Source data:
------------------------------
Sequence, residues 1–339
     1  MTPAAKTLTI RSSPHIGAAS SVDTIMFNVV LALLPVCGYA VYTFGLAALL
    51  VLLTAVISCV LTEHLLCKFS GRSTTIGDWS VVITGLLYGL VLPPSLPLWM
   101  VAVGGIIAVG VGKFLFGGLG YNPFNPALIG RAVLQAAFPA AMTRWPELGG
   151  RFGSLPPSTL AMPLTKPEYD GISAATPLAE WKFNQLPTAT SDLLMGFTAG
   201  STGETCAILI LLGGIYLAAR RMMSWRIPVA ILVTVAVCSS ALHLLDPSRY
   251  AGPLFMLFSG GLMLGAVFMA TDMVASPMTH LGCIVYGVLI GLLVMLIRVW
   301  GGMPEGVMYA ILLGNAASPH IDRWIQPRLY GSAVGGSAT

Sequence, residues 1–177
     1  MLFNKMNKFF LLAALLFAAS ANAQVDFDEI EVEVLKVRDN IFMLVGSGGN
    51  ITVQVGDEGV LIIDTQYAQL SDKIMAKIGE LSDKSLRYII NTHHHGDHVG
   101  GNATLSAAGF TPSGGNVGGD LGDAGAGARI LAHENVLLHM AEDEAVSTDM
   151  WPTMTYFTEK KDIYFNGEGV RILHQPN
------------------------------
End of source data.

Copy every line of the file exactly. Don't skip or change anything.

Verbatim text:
Sequence, residues 1–339
     1  MTPAAKTLTI RSSPHIGAAS SVDTIMFNVV LALLPVCGYA VYTFGLAALL
    51  VLLTAVISCV LTEHLLCKFS GRSTTIGDWS VVITGLLYGL VLPPSLPLWM
   101  VAVGGIIAVG VGKFLFGGLG YNPFNPALIG RAVLQAAFPA AMTRWPELGG
   151  RFGSLPPSTL AMPLTKPEYD GISAATPLAE WKFNQLPTAT SDLLMGFTAG
   201  STGETCAILI LLGGIYLAAR RMMSWRIPVA ILVTVAVCSS ALHLLDPSRY
   251  AGPLFMLFSG GLMLGAVFMA TDMVASPMTH LGCIVYGVLI GLLVMLIRVW
   301  GGMPEGVMYA ILLGNAASPH IDRWIQPRLY GSAVGGSAT

Sequence, residues 1–177
     1  MLFNKMNKFF LLAALLFAAS ANAQVDFDEI EVEVLKVRDN IFMLVGSGGN
    51  ITVQVGDEGV LIIDTQYAQL SDKIMAKIGE LSDKSLRYII NTHHHGDHVG
   101  GNATLSAAGF TPSGGNVGGD LGDAGAGARI LAHENVLLHM AEDEAVSTDM
   151  WPTMTYFTEK KDIYFNGEGV RILHQPN